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Stanford CS 361A - Hashing for Massive/Streaming Data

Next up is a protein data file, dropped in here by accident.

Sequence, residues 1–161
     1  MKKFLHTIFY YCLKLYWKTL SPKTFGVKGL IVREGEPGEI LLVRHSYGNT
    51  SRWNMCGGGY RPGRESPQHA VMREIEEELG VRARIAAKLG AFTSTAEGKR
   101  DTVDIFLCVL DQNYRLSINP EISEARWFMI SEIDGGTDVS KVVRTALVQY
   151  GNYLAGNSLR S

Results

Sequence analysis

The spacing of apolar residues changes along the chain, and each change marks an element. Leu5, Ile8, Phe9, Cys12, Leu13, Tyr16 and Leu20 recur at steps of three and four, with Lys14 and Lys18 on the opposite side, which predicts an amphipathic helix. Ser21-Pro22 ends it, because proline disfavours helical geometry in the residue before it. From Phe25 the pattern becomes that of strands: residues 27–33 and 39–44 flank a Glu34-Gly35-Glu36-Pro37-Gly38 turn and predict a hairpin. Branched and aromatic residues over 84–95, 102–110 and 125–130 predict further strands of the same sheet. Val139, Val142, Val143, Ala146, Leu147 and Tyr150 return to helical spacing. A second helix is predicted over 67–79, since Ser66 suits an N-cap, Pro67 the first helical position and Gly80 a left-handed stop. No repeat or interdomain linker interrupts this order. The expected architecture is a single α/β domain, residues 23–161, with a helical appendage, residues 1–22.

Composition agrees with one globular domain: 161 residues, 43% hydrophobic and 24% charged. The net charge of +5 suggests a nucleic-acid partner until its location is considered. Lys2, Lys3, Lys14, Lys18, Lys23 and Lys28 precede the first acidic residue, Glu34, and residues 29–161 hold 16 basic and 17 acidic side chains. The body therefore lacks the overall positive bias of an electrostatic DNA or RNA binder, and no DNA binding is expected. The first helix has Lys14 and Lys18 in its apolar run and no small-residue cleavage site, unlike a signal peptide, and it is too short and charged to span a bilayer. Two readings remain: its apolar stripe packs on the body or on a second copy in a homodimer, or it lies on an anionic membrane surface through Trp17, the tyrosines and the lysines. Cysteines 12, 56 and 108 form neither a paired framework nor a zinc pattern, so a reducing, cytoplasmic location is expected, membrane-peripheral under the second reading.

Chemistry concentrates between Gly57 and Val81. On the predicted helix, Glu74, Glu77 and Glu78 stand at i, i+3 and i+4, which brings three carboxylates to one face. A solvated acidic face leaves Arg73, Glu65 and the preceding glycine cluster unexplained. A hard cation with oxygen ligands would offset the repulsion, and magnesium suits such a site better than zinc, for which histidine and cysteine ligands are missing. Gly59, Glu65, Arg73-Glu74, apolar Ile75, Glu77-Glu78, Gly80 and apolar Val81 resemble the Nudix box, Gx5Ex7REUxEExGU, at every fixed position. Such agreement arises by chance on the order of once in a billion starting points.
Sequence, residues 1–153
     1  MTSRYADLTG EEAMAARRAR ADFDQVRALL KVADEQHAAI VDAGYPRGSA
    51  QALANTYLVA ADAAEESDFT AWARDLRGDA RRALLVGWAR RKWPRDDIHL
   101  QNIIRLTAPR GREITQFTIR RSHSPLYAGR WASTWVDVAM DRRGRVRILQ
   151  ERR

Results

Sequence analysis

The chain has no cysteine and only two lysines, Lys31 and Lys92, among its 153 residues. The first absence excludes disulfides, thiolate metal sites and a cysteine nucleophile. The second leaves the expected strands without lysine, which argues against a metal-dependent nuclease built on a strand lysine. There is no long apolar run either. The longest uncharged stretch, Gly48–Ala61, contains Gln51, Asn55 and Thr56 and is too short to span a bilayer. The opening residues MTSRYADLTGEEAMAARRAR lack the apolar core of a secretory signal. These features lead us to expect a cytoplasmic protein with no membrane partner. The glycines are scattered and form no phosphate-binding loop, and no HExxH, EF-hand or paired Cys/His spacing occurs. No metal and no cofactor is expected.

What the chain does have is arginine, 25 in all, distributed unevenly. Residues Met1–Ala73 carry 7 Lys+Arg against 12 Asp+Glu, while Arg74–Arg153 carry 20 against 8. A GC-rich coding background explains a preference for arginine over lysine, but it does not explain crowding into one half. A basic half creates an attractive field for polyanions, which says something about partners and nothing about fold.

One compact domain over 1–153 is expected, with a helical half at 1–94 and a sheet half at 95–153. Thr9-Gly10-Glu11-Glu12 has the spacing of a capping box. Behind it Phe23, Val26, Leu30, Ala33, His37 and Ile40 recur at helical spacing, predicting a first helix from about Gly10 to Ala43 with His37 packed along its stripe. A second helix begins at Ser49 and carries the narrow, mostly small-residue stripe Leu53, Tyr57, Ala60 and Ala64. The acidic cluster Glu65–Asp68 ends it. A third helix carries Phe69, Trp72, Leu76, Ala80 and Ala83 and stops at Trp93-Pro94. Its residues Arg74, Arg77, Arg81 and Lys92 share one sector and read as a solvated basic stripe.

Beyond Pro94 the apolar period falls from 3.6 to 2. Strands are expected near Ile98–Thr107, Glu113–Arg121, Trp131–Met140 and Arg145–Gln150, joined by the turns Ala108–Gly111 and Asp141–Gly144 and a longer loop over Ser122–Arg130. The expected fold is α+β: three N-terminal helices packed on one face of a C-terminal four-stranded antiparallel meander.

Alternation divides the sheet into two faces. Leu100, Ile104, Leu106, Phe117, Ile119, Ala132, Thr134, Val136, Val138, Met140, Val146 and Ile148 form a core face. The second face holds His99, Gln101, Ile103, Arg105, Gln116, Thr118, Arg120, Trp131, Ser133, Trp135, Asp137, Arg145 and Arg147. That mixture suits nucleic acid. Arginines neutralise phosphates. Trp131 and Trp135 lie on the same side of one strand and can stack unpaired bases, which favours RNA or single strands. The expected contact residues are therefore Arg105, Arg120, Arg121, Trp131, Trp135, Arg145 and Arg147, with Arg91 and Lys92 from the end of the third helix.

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CS 361A (Advanced Data Structures and Algorithms)Hashing for Massive/Streaming DataMassive Data SetsAlgorithmic ProblemsAlgorithmic IssuesStream Model of Computation“Toy” Example – Network MonitoringFrequency Related ProblemsExample 1 – Distinct ValuesNaïve ApproachMain Memory Approach Algorithm MMRandomized AlgorithmsExternal Memory ModelJustification?External Memory Algorithm?Algorithm EMProblem with Algorithm EMSampling-based ApproachesNegative Result for Sampling [Charikar, Chaudhuri, Motwani, Narasayya 2000]Scenario AnalysisProofProof (continued)Proof (conclusion)Streaming ModelNegative ResultRandomized ApproximationAnalysisBoosting AccuracySampling versus CountingDistinct Sampling for Streams [Gibbons 2001]Hash FunctionOverall IdeaAlgorithm DS (Distinct Sample)Slide 34ReferencesCS 361A 1CS 361A CS 361A (Advanced Data Structures and Algorithms)(Advanced Data Structures and Algorithms)Lecture 15 (Nov 14, 2005)Hashing for Massive/Streaming DataRajeev MotwaniCS 361A2Hashing for Massive/Streaming DataHashing for Massive/Streaming DataNew TopicNovel hashing techniques + randomized data structuresMotivated by massive/streaming data applicationsGame PlanProbabilistic Counting: Flajolet-Martin & Frequency MomentsMin-HashingLocality-Sensitive HashingBloom FiltersConsistent HashingP2P Hashing…CS 361A3Massive Data SetsMassive Data SetsExamplesWeb (40 billion pages, each 1-10 KB, possibly 100TB of text)Human Genome (3 billion base pairs)Walmart Market-Basket Data (24 TB)Sloan Digital Sky Survey (40 TB)AT&T (300 million call-records per day)Presentation?Network Access (Web)Data Warehouse (Walmart)Secondary Store (Human Genome)Streaming (Astronomy, AT&T)CS 361A4Algorithmic ProblemsAlgorithmic ProblemsExamplesStatistics (median, variance, aggregates)Patterns (clustering, associations, classification)Query Responses (SQL, similarity)Compression (storage, communication)Novelty?Problem size – simplicity, near-linear timeModels – external memory, streamingScale of data – emergent behavior?CS 361A5Algorithmic IssuesAlgorithmic Issues Computational Model Streaming data (or, secondary memory) Bounded main memoryTechniquesNew paradigms neededNegative results and ApproximationRandomization Complexity Measures Memory Time per item (online, real-time) # Passes (linear scan in secondary memory)CS 361A6Stream Model of ComputationStream Model of Computation10111010011Increasing time Main Memory (Synopsis Data Structures)Data StreamMemory: poly(1/ε, log N)Query/Update Time: poly(1/ε, log N)N: # items so far, or window sizeε: error parameterCS 361A7““Toy” Example – Network MonitoringToy” Example – Network MonitoringRegisterMonitoringQueriesDSMSScratch StoreNetwork measurements,Packet traces,…IntrusionWarningsOnlinePerformanceMetricsArchiveLookupTablesCS 361A8 Frequency Related ProblemsFrequency Related Problems1 2 3 4 5 6 7 8 9 10 11 12 13 14 15 16 17 18 19 20Find all elements with frequency > 0.1%Top-k most frequent elementsWhat is the frequency of element 3?What is the total frequency of elements between 8 and 14?Find elements that occupy 0.1% of the tail.Mean + Variance?Median?How many elements have non-zero frequency?Analytics on Packet Headers – IP AddressesAnalytics on Packet Headers – IP AddressesCS 361A9Example 1 – Distinct ValuesExample 1 – Distinct Values ProblemSequenceDomain Compute D(X) number of distinct values in XRemarksAssume stream size n is finite/known (e.g., n is window size)Domain could be arbitrary (e.g., text, tuples)Study impact of …different presentation modelsdifferent algorithmic models… and thereby understand model definitions...,x...,,x,xXn21}1...,,2,1,0{  mUCS 361A10Naïve ApproachNaïve ApproachCounter C(i) for each domain value iInitialize counters C(i) 0Scan X incrementing appropriate countersProblemMemory size M << nSpace O(m) – possibly m >> n(e.g., when counting distinct words in web crawl)In fact, Time O(m) – but tricks to do initialization?CS 361A11Main Memory ApproachMain Memory ApproachAlgorithm MMAlgorithm MMPick r = θ(n), hash function h:U  [1..r]Initialize array A[1..r] and D = 0For each input value xiCheck if xi occurs in list stored at A[h(i)]If not, D D+1 and add xi to list at A[h(i)]Output DFor “random” h, few collisions & most list-sizes O(1)ThusSpace O(n)Time O(1) per item [Expected]CS 361A12Randomized AlgorithmsRandomized AlgorithmsLas Vegas (preceding algorithm)always produces right answerrunning-time is random variableMonte Carlo (will see later)running-time is deterministicmay produce wrong answer (bounded probability)Atlantic City (sometimes also called M.C.)worst of both worldsCS 361A13External Memory ModelExternal Memory ModelRequired when input X doesn’t fit in memoryM words of memoryInput size n >> MData stored on diskDisk block size B << MUnit time to transfer disk block to memoryMemory operations are freeCS 361A14Justification?Justification?Block read/write?Transfer rate ≈ 100 MB/sec (say)Block size ≈ 100 KB (say)Block transfer time << Seek timeThus – only count number of seeksLinear Scaneven better as avoids random seeksFree memory operations?Processor speeds – multi-GHzDisk seek time ≈ 0.01 secCS 361A15External Memory Algorithm?External Memory Algorithm?Question – Why not just use Algorithm MM?ProblemArray A does not fit in memory For each value, need a random portion of AEach value involves a disk block readThus – Ω(n) disk block accessesLinear time – O(n/B) in this modelCS 361A16Algorithm EMAlgorithm EMMerge SortPartition into M/B groupsSort each group (recursively)Merge groups using n/B block accesses(need to hold 1 block from each group in memory)Sorting Time – Compute D(X) – one more passTotal Time – EXERCISE – verify details/analysisnlogBnM/Bnn/B)log(1M/BCS 361A17Problem with Algorithm EMProblem with Algorithm EMNeed to sort and reorder blocks on diskDatabasesTuples with multiple attributesData might need to be ordered by attribute YAlgorithm EM reorders by attribute XIn any case, sorting is too expensiveAlternate ApproachSample portions of dataUse sample to estimate distinct valuesCS 361A18Sampling-based ApproachesSampling-based ApproachesNaïve samplingRandom Sample R (of size r) of n values in XCompute D(R)EstimatorNoteBenefit – sublinear space Cost – estimation error Why? –